Friday, November 20, 2009

The Red Sea

The Red Sea, or as it’s called in Arabic: Bahr al-Ahmar, is one of the world’s most tantalizing seascape environments. It began to develop 20-30 million years ago when the plates of East Africa and Arabia stretched-out until they broke apart. The Red Sea is a geologically recent opening and one of the youngest oceanic zones on earth.

* The Red Sea is usually considered an extension of the Indian Ocean, which lies between Africa and Asia

* Narrow connection to the Indian Ocean lies at its south through the Bab al Mandeb and the Gulf of Aden

* 1,200 miles long and as much as 190 miles wide at some points

* Maximum depth of the Red Sea is 8,200 feet

9 countries share the shorelines of the Red Sea and the waters of the Red Sea support a vital fishing industry and provide recreation facilities. Unfortunately, the coastal environment is fragile. The shore line, coastal region, and near-shore waters are all under pressure from populations and industry.

Approximately 40 % of the Red Sea is quite shallow (less than 100 m) whereas about 25 % of the Red Sea is less than 50 m deep. About 15 % of the Red Sea is over 1000 m depth. Shelf breaks are marked by coral reefs and the continental slope has an irregular profile (series of steps down to 500 m)

Any attempt to describe the marine life of the Red Sea risks drowning in superlatives--it is extraordinary, unparalleled, marvellous, incredible, and truly wondrous. It was not by chance that Jacques Cousteau chose this region to first introduce the world to undersea life, and by the same token it is not by chance that so many people become diving fanatics during a visit to Sinai.

The exceptional richness of marine life in the Red Sea, and in the Gulf of Aqaba in particular, is due to an unusual combination of environmental factors. First, the Red Sea is comparatively sheltered and calm: its currents are gentle and regular, its tides almost non-existent, and its temperature warm and steady. While its waters run quite deep, they are warmed by volcanic heat emanating from the sea bed. The result of all these factors is an environment ideally suited to the complex and delicate ecosystem of coral reefs.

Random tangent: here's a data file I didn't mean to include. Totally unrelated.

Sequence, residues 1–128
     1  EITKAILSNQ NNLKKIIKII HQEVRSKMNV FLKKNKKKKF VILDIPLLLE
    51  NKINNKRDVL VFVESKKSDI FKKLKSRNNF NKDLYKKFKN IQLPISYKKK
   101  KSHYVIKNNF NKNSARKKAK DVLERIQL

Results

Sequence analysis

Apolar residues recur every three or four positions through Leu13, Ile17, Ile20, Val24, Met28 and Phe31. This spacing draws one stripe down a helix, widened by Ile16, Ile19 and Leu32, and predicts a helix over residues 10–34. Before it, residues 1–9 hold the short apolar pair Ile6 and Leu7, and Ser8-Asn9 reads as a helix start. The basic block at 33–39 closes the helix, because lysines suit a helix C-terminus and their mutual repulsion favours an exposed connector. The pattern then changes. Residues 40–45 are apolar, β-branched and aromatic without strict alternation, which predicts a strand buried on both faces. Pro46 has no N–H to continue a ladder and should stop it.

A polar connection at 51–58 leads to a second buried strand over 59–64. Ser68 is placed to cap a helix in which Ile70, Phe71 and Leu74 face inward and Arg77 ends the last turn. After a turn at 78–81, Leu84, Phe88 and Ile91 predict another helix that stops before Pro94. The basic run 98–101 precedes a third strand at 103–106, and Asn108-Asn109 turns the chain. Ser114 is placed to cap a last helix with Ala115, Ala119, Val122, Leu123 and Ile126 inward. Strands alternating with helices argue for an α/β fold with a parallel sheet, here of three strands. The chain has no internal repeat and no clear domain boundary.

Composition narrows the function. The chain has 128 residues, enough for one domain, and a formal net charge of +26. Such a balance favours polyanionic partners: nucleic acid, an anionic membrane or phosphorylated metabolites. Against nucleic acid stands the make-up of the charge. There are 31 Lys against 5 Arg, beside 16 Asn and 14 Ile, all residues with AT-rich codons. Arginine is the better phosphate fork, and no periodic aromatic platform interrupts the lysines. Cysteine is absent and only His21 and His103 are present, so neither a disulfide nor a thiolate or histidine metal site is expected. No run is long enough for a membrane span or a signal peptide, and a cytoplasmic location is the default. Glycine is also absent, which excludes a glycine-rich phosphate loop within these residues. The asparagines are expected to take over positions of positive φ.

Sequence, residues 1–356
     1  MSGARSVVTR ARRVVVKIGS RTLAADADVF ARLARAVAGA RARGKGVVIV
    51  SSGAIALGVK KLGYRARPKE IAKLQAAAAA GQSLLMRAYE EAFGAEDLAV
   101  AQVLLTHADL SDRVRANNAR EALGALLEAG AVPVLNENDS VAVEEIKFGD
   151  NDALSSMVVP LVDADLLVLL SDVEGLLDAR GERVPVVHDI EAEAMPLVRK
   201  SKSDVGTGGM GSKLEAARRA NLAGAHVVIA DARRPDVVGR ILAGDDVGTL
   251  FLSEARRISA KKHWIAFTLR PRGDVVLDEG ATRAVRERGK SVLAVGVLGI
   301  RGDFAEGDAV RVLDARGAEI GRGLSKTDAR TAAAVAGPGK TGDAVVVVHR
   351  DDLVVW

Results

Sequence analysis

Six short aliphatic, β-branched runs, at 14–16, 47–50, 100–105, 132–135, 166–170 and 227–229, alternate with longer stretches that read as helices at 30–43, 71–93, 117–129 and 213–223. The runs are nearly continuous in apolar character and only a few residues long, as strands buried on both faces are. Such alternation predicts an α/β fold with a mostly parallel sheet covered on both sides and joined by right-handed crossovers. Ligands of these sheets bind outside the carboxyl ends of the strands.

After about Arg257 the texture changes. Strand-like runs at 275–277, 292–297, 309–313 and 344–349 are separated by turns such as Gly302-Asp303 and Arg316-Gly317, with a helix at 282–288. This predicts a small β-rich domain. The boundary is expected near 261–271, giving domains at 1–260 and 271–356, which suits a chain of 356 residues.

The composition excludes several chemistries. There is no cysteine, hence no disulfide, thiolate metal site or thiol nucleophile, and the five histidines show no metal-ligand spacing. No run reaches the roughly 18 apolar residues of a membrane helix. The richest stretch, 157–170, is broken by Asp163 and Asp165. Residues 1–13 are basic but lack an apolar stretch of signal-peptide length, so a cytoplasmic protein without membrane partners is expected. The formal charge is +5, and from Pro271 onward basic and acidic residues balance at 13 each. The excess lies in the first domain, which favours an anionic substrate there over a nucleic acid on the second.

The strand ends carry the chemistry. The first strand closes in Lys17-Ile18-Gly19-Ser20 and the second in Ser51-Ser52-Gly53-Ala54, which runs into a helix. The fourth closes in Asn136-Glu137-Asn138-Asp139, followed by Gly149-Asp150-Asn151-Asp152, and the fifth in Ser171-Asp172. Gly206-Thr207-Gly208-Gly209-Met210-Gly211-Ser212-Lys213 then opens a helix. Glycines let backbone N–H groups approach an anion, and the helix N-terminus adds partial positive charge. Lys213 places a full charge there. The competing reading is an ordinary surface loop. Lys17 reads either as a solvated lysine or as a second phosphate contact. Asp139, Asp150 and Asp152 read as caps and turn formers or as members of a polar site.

Even among the world's most celebrated reef systems, that of the Sinai stands out for its unusual wealth of certain kinds of marine life--most notably, coral itself. The sheer abundance of corals, many of exceptional size and color, makes diving in Sinai an experience of almost magical intensity. But beyond the corals is a nearly infinite variety of marine species, including such notable creatures as Napoleon wrasse, brilliant orange coral groupers, enormous gorgonian fans, moray eels and hammerhead sharks, elaborate lionfish and majestic, swooping giant manta rays.

Cargo vessels, oil tankers, fishing boats, and passenger liners all move their trade across this great waterway, but for many, the true enchantment of the Red Sea is hidden just below its surface.

There are over 1000 species of invertebrates and around 200 recorded coral types to be found. Moreover, the Red Sea boasts over a thousand species of fish, more species than any other proportional body of water. Not surprisingly, therefore, the Red Sea is considered by many to offer the very best diving available in the marine world. The Red Sea attracts divers, photographers, marine scientists, and leisure seekers from all over the world, hoping to experience and explore the incalculable wonders of the colorful, abounding marine life and the Red Sea’s lavish coral reefs. In places, the exceptional living reef stretches way out to sea, forming a elaborate system of caves, lagoons, gardens, and plateaus. Some of these coral summits plunge dramatically thousands of feet to the ocean floor. The Red Sea is not all a delight however, as it has its troubles which you will have to stay away from. There is minimal danger from marine animals in the Red Sea, and with a little common sense, even these dangers can be eliminated. Some of the marine animals are dangerous to touch, others dangerous to eat, and some are dangerous to come face to face with. There are fire corals and stinging hydroids which can be extremely painful if accidentally touched as well.

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